Page 22 - Scene Magazine 42-02 February 2017
P. 22

Ask A Trooper
Physical Training Leads the Way At Recruit School
BY KRISTI ANGELO, MSP
A PROUD tradition of SERVICE through EXCELLENCE, INTEGRITY, and COURTESY.
The Michigan State Police trooper performs a full range of law enforcement assignments and is a certified police officer by the Michigan Commission on Law En-
forcement Standards (MCOLES).”
A trooper typically works out of a State Police post and patrols the roads of an assigned geographical area to prevent or detect traffic law violations, conducts investigations of law viola- tions, and provides a variety of related services to the public. They may also be assigned to the central or district office or work in a particular branch of law enforcement, such as vehicle
safety inspection, dog handling, under- water search and recovery, or forensic science.
Usually, work is performed under the direction of a sergeant or lieutenant. A trooper must routinely exercise ex- tensive independent judgment in mak- ing decisions that may include taking immediate actions with limited oppor- tunity to consider various alternatives.
Every enlisted member was once a recruit, giving each officer, from troop- er to colonel, a shared experience unlike any other. Often compared to a military boot camp, the recruit school environ- ment instills discipline, commitment and excellence. From the residential program to the demanding physical training, every aspect of recruit school is designed to build team work and ca- maraderie among recruits and provide each individual the foundation for a successful career.
The demanding day of a MSP re- cruit begins at 5am with reveille, after 30 minutes to prepare for the day, the recruit’s report to physical training. The strenuous work-out includes running, strength training and aerobics, as well as health and nutrition.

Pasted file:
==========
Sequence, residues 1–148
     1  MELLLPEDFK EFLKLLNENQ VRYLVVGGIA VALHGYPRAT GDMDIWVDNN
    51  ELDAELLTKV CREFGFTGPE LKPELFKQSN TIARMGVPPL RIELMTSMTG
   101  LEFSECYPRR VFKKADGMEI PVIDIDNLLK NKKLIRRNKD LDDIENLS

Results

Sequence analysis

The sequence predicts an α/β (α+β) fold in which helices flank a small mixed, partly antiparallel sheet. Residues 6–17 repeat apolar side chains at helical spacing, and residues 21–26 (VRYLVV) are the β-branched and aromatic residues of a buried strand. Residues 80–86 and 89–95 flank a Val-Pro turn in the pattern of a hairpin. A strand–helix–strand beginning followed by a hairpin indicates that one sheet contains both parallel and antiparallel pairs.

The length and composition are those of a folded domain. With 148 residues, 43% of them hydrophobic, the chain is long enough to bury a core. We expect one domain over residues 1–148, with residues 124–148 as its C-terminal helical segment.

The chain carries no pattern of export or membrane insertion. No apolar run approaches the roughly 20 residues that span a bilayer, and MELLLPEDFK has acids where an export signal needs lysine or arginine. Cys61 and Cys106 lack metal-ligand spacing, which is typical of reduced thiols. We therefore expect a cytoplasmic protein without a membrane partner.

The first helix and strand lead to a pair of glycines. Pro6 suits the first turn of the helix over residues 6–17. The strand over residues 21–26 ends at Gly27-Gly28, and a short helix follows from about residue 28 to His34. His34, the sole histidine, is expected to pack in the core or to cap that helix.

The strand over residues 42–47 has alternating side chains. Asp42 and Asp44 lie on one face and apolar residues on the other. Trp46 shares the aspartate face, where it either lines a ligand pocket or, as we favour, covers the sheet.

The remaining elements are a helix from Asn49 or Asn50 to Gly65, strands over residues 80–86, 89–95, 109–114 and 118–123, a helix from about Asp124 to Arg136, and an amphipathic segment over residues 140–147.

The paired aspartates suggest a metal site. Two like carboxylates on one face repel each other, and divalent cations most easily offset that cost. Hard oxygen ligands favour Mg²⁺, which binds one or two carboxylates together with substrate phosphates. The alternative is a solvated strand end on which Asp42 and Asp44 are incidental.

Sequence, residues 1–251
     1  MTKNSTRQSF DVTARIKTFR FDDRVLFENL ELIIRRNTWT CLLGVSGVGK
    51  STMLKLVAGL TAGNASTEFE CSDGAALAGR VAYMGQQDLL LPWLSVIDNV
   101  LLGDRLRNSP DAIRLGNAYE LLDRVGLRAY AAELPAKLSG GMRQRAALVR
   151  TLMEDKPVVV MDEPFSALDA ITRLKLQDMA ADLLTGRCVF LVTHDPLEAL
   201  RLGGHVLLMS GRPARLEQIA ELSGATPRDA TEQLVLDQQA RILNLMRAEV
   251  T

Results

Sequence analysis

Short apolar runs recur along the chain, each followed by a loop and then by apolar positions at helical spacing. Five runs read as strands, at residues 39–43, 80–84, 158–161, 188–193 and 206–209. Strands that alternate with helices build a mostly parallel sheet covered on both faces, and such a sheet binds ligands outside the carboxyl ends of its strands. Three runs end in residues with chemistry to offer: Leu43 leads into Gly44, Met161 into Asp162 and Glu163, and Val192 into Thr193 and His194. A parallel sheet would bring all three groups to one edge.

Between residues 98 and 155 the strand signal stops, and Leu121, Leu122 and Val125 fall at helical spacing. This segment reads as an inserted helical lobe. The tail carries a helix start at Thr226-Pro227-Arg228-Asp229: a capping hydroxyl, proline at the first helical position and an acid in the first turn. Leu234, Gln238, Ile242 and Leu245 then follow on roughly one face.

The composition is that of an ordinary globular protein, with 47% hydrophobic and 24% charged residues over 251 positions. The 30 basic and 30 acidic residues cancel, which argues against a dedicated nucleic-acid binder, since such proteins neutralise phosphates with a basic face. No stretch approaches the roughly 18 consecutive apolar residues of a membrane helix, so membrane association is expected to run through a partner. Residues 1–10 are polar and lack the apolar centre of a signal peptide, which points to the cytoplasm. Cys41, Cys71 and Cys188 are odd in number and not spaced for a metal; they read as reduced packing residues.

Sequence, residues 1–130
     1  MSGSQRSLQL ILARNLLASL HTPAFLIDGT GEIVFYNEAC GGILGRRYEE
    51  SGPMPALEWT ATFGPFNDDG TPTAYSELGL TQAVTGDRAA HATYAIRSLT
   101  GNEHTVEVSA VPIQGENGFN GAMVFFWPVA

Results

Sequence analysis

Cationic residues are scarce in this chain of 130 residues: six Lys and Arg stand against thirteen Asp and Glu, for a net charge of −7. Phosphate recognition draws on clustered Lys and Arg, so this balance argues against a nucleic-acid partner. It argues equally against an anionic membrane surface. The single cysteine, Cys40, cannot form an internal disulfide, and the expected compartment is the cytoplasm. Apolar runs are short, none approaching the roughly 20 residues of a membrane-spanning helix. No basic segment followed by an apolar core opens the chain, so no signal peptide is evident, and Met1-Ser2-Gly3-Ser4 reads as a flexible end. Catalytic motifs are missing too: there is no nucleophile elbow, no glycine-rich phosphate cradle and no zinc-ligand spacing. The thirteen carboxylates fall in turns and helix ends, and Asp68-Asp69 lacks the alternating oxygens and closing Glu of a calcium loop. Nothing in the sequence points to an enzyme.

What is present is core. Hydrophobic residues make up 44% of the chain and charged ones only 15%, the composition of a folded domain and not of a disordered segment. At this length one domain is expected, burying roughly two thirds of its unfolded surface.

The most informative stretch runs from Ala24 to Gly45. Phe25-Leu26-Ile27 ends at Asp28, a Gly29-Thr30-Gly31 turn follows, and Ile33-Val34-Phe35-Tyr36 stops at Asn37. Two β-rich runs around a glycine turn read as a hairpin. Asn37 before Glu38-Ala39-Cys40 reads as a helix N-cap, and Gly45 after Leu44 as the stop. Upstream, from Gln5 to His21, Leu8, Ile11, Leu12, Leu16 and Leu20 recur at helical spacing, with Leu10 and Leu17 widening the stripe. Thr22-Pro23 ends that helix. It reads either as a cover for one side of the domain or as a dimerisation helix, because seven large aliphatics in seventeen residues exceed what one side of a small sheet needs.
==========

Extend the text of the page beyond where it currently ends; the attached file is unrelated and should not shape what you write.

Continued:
After physical training, recruits are given 15 minutes to shower and change before breakfast, the quickest meal of the day. The recruits have just 30 min- utes to eat breakfast and prepare his/her room for inspection. The recruit is also quizzed on academic material and de- partment policies and procedures.
Morning classes begin at 8am. The classes cover topics vital to the execu- tion of law enforcement duties includ- ing criminal law and procedure, consti- tutional law, report writing and cultural awareness.
The first break comes at lunch, where the recruits have one hour to eat, study and prepare for the afternoon ac- tivities.
During the afternoon the recruits participate in hands-on activities learn- ing first aid, firearms, defensive tac- tics, water safety, and patrol tactics. For these topics, the recruit’s classes are broken into smaller squads allow- ing more one-on-one interaction with instructors.
Dinner begins promptly at 5pm. The evening is filled with military drills, work details, testing, and study time. The playing of taps signals lights out at 10pm.
The day’s activities repeat five days a week for 20 to 22 weeks. As a res- idential program, the recruits are only allowed to leave the Training Academy on Friday evenings and must return on Sunday afternoons.
The recruits are challenged physical- ly, mentally and emotionally. You have to want it and you have to earn the right to wear the uniform of the Michigan State Police.
It’s making a conscious choice to come back week after week.
Captain Kevin MCGaffigan is quot- ed as saying, “Pain is temporary. Pride is forever!”
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BATTLE CREEK | AUGUSTA | RICHLAND
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